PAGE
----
(ST. JOSEPH, Mo.) For the second time this year, Heritage Park in St. Joseph is underwater. The crest of the Missouri River last month left the softball fields at the park underwater.
The trickle down effect of the flooding is now beginning to show with the city's parks department. Tournaments that are usually held on the fields are being cancelled.
"Right off the bat we lost the Missouri Western Invitational, which a pretty good size tournament," the parks department director Chuck Kempf said.
Other tournaments have cancelled this year already and now parks officials are looking ahead to July when another large tournament is scheduled to return to Heritage Park. This is the men's national fast-pitch softball national championship.
"That's a very prestigious tournament, very elite tournament," Kempf said. "St. Joseph has hosted it many times before. We've always been a great host and the community supports that tournament."
With just weeks to go until the tournament begins, park officials are concerned that it might not happen at Heritage Park or even in St. Joseph. That is if the water doesn't recede in time or if there is considerable damage to the fields.
"[We] are a little concerned that we are going to be challenged in that area," Kempf said. "Not completely sure what we are going to be able to do. We are looking at options."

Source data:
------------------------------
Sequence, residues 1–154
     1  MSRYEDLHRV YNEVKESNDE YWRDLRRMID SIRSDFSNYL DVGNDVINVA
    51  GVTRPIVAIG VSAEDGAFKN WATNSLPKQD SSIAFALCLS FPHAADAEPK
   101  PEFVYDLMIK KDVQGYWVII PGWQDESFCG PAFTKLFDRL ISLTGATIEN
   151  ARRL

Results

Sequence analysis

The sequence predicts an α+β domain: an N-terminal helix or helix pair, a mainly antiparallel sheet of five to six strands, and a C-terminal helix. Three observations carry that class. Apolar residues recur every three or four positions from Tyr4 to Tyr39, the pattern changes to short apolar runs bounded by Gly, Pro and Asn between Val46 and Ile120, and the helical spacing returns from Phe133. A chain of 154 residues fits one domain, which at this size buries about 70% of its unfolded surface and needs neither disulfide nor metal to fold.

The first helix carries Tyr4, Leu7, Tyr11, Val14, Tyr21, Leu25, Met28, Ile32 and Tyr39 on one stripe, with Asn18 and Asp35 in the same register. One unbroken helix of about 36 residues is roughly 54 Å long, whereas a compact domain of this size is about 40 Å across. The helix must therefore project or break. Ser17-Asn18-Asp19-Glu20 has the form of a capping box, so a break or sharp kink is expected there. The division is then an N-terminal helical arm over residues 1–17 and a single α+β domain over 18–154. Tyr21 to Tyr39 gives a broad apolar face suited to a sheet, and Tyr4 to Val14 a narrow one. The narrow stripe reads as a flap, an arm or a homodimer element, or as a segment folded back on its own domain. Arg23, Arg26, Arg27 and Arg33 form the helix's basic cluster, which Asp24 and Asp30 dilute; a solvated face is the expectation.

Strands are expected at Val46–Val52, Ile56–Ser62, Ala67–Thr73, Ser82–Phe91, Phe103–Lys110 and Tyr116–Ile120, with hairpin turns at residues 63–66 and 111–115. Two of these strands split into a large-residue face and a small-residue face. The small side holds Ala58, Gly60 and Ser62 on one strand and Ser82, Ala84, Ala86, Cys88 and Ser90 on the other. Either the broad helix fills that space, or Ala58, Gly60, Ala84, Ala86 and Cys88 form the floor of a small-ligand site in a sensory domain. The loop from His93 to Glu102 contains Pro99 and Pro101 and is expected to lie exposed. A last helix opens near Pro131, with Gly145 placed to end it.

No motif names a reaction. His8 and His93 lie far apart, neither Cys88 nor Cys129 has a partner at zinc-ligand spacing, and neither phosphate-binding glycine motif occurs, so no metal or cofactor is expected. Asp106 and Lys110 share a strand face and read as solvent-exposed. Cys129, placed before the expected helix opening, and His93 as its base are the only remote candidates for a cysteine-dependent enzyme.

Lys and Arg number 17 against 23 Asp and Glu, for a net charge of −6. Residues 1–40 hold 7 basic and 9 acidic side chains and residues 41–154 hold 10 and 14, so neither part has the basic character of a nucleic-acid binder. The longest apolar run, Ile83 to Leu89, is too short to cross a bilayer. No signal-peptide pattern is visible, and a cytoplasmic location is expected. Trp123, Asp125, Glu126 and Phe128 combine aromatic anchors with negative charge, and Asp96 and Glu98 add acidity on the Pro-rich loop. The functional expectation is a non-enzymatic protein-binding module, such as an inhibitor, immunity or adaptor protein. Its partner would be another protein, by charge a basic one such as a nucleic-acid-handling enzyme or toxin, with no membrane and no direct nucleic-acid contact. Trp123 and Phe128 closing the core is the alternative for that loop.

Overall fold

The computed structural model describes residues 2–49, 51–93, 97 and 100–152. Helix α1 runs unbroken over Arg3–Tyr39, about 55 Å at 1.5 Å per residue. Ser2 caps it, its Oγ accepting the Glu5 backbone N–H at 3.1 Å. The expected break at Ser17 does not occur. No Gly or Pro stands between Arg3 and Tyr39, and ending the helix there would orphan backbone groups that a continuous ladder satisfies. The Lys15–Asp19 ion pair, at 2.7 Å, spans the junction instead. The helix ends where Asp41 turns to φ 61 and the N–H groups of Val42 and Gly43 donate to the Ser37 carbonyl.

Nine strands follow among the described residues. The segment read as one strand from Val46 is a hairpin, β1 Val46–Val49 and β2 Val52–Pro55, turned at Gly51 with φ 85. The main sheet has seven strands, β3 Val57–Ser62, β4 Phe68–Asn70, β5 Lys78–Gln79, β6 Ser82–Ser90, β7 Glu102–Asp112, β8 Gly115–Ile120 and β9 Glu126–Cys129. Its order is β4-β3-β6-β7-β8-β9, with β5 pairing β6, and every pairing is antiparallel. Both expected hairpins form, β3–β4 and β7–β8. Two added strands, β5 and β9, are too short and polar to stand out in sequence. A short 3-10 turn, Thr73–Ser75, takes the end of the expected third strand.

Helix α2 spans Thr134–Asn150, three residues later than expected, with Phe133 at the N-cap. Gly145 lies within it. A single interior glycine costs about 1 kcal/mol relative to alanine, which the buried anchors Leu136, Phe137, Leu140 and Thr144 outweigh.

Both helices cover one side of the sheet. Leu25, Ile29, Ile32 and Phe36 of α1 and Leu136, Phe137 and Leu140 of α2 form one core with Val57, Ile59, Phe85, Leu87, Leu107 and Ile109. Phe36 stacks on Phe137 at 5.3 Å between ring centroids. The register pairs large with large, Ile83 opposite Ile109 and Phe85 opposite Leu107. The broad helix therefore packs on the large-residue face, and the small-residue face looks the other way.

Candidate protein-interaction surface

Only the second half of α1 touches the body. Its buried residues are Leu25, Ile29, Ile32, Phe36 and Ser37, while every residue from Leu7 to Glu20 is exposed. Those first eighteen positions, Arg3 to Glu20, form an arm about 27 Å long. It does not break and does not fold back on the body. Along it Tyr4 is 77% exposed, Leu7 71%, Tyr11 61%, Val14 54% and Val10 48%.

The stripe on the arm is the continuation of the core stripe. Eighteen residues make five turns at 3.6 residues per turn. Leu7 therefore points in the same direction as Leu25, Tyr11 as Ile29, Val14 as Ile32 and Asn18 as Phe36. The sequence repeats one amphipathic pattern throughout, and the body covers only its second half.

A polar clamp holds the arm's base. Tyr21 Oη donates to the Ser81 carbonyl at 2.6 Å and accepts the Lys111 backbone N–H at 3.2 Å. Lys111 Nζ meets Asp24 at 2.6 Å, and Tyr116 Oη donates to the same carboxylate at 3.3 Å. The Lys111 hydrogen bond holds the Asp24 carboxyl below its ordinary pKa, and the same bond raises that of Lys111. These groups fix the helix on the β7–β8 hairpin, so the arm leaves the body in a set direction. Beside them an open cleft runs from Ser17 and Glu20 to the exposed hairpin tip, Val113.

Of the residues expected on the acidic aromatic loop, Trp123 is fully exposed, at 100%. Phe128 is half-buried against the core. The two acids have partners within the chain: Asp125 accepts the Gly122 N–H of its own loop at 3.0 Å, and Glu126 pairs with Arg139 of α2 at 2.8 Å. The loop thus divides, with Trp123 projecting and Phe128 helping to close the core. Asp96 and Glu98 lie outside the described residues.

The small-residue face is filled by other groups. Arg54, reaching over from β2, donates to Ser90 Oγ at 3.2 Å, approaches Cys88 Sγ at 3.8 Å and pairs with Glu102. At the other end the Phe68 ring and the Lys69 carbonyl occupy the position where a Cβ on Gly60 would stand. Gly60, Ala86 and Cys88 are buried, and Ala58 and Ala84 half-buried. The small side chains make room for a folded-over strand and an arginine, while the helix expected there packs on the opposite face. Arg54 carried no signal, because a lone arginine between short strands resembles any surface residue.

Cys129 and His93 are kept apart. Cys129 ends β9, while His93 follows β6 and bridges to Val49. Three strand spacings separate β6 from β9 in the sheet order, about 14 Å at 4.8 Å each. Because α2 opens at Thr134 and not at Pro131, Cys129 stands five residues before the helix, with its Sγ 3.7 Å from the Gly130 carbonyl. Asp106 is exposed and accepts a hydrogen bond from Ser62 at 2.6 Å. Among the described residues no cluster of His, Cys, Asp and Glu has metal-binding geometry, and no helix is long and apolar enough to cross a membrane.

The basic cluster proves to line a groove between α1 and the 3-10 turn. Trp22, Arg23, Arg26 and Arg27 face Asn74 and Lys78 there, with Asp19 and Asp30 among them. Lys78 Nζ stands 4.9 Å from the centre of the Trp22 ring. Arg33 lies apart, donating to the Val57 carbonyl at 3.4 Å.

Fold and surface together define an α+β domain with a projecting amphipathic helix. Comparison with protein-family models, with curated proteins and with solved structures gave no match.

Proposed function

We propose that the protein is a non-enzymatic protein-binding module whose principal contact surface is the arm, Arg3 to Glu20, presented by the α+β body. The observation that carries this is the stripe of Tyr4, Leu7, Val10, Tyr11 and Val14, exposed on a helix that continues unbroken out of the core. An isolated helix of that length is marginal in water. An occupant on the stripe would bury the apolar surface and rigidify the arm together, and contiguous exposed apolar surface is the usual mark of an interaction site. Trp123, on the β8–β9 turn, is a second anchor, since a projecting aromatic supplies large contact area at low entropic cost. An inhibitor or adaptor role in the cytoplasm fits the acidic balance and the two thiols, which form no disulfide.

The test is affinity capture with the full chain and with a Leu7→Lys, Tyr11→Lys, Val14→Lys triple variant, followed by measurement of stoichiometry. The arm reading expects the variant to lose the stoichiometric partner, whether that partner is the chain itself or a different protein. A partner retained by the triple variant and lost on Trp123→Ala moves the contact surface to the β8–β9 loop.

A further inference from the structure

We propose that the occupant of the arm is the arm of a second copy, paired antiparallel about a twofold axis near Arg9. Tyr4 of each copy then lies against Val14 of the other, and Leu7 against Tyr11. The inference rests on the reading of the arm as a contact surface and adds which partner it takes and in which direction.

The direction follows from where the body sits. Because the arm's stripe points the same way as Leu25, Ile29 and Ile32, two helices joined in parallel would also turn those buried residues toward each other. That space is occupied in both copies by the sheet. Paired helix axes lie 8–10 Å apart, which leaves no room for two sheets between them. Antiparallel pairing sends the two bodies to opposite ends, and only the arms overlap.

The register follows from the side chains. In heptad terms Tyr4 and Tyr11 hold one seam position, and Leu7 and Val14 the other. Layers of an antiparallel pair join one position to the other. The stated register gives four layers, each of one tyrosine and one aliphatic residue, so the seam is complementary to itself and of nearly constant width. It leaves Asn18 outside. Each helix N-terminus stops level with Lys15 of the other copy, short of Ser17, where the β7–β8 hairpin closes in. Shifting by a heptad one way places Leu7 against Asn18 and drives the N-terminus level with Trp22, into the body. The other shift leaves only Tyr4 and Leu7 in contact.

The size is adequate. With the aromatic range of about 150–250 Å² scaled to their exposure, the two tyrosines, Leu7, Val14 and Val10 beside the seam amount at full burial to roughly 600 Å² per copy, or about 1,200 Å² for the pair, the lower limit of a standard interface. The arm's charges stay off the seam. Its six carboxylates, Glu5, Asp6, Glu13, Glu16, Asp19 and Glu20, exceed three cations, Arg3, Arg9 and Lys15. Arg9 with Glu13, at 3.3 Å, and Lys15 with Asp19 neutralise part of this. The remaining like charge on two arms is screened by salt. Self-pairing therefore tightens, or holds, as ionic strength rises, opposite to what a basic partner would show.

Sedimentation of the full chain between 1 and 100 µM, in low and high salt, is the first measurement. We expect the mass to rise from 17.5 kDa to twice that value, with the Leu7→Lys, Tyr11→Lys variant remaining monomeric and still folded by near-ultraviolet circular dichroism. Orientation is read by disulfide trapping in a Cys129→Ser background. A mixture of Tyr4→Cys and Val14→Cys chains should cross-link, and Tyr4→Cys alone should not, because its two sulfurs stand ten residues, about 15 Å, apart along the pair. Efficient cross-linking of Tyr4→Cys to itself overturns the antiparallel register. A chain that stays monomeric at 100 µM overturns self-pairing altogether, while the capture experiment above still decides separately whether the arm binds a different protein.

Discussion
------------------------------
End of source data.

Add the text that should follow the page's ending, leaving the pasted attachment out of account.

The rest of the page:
Kempf says some of the options that are being explored include moving the tournament to Hyde Park or to Kansas City. If the tournament can't be held in St. Joseph it will lead to the loss of thousands of dollars in revenue for the city.
"The revenues are, I mean that is a big deal," Kempf said. "The parks department is losing revenue but then for the tournaments that have people coming in from out of town, obviously the city is losing out on sales tax revenue and hotel, motel tax revenue."
According to Kempf, thousands of dollars are brought to the community with every tournament held at the softball fields.
"We hate to lose that," he said. "That's one of the reason why we bring those events in. They are fun to to host, they are good for the community. They bring in tourism dollars, they bring people into the community that may have not otherwise come and you know bring awareness to what St. Joe has to offer."
The parks department currently has pumps pumping water out of the park. Kempf is hopeful that most of the water will be gone by early next week.
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